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Monster by Walter Dean Myers

Monster (original 1999; edition 2001)

by Walter Dean Myers

MembersReviewsPopularityAverage ratingConversations / Mentions
3,0582501,853 (3.67)1 / 52
Authors:Walter Dean Myers
Info:Amistad (2001), Edition: Reprint, Paperback, 281 pages
Collections:Your library
Tags:Crime, Innocent, Adolescent

Work details

Monster by Walter Dean Myers (1999)


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"The best time to cry is at night, when the lights are out and someone is being beaten up and screaming for help."

This is what 16-year old Steven Harmon is thinking as he lies on the cot in his jail cell, awaiting trial for murder. He may or may not have been involved in a drugstore robbery that ended with the murder of the owner. He is terrified of being in jail and of the possibility he may have to spend the next 25 years in prison. To help himself cope, he is writing down everything in his notebook in screenplay format. The novel covers the trial and ends with the verdict.

Without spoiling the story, I can tell you that I walked away at the end not knowing for sure if Steve was guilty or not. I can say that I felt a strong connection to Steve and that I wanted him to not be guilty. I felt sorry for his innocence and for the fact that he grew up around criminals. Just being acquainted with these people put him in a bad position. The author clearly portrays the fear and anxiety that Steve is feeling. Being trapped and being out of control, relying on his attorney, the jury and the judge to decide the rest of his life... As Steve says, many times, he is not a bad person, he is not a monster.

Can I say WOW! This story drove home the point that one small event or one small error in judgment or even being in the wrong place at the wrong time or being "friends" with the wrong people can change your life forever. Reading this book could be life changing for young people.

This is my daughter's summer reading assignment. She is going into 8th grade. I really hope she gets as much out of this book as I did.
( )
  Jadedog13 | Feb 3, 2016 |
Monster is a novel written in screenplay language. Steve Harmon, a 16-year-old black boy, is accused of taking part in a crime that involved the murder of an old man. The story is mostly told in script and cinematographic language, but it also includes "journal entries" written by Steve himself. This book offers interesting insights into human nature and the environment of prison. In the end, whether he is innocent or not, Steve realizes that every person has the potential to be a monster lying inside of them--all they have to do is let it take them over. Sometimes the worst thing a good person can do is let bad things happen. ( )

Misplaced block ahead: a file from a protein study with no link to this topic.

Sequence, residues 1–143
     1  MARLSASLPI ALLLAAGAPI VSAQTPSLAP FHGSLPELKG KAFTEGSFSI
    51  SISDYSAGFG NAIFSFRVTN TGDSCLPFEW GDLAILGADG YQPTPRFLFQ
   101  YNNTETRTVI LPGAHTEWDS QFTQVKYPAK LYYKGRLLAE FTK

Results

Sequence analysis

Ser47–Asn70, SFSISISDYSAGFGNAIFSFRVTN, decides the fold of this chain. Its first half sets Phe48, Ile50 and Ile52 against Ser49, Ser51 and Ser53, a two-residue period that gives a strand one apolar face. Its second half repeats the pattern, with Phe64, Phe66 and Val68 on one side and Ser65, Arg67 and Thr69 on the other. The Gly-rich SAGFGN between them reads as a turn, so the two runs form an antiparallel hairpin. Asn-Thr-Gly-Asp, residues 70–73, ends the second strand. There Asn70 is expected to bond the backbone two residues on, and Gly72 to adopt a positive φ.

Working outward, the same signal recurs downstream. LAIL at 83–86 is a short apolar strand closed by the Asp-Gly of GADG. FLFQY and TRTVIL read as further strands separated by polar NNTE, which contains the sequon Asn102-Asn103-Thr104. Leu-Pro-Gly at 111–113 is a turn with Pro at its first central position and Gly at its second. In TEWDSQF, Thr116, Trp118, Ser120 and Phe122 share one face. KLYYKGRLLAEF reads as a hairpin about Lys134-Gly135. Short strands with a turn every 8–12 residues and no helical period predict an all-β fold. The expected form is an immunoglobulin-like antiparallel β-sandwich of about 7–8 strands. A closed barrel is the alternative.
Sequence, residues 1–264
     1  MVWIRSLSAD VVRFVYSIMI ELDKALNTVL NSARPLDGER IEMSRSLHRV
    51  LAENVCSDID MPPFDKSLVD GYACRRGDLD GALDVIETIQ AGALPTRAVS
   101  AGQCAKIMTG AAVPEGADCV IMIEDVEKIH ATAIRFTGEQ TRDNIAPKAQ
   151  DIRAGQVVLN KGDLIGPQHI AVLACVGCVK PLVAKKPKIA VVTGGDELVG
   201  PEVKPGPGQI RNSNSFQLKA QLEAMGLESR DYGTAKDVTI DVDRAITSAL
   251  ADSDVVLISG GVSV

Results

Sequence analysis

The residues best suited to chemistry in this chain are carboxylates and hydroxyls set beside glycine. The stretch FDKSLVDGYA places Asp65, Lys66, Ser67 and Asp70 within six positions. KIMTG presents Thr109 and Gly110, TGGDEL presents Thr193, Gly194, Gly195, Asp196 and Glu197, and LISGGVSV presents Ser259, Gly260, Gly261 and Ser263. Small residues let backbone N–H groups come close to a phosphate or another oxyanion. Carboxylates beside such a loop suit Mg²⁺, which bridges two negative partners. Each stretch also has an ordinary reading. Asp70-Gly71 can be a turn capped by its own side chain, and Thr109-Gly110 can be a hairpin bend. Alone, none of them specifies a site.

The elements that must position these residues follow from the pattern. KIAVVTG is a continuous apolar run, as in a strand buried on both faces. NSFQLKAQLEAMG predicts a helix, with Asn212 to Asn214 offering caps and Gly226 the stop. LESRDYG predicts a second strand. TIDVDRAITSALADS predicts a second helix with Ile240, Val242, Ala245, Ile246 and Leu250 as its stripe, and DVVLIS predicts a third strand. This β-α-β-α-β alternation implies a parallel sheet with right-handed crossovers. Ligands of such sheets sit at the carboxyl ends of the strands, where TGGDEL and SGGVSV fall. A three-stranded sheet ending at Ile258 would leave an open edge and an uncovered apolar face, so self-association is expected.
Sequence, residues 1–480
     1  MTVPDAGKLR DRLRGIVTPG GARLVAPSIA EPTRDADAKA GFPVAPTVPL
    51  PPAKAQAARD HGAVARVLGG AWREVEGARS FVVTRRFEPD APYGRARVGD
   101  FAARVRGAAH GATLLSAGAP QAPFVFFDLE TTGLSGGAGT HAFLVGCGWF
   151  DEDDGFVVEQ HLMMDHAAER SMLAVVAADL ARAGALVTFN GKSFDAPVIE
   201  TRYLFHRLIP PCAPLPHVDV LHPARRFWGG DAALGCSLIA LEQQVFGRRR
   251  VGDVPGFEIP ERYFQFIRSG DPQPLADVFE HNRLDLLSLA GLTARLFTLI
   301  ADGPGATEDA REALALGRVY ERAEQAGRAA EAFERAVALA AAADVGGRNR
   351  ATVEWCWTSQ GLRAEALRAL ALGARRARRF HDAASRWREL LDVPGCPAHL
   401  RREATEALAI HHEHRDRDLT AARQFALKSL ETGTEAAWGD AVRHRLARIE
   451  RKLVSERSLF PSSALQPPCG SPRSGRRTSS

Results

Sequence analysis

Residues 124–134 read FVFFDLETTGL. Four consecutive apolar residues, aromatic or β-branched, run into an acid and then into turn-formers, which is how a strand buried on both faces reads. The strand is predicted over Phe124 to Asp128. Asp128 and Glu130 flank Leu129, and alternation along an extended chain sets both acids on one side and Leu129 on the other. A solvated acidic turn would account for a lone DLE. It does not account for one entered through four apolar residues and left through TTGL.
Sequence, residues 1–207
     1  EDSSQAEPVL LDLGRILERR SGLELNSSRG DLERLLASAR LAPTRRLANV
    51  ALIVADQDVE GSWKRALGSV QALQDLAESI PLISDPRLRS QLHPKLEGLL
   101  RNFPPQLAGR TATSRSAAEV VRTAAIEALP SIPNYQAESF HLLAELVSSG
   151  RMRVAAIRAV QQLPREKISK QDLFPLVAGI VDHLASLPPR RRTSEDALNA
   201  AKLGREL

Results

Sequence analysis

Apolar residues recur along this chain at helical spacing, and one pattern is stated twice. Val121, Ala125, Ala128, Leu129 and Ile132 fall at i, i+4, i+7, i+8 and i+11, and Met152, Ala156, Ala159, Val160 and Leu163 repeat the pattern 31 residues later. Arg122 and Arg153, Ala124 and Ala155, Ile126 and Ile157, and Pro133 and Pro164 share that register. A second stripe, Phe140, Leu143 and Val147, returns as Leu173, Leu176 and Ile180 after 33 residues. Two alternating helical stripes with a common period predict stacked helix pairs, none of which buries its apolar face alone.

AngelClaw | Feb 3, 2016 |
The story that Walter Dean Myers tells in this novel—a young black teenager is arrested in connection with a robbery/murder in Harlem, claims his innocence, and goes on trial—is not new. The manner in which he tells it, however, is.

The narration in “Monster” takes the form of a screenplay written from the point of view of Steve Harmon, the 16-year-old on trial. Although the bulk of the story is related through un-editorialized dialogue and descriptions of camera movements (close-ups, long shots, etc.), the narration of Steve’s trial is interwoven with photos and passages from the journal Steve has been keeping during his time in prison. While the trial provides the typical suspense of courtroom drama and grapples with the question of Steve’s innocence, Steve’s journal provides the reflective soul of the story, for in his journal Steve struggles with questions of his identity and his uncertain future.

The gripping plot and Myers’ strong, clear writing endow the novel with a breakneck pace (I read the entire thing is just a few hours). “Monster” is a lightning bolt of Young Adult fiction—fast, strong, and devastating. ( )
  jimrgill | Jan 30, 2016 |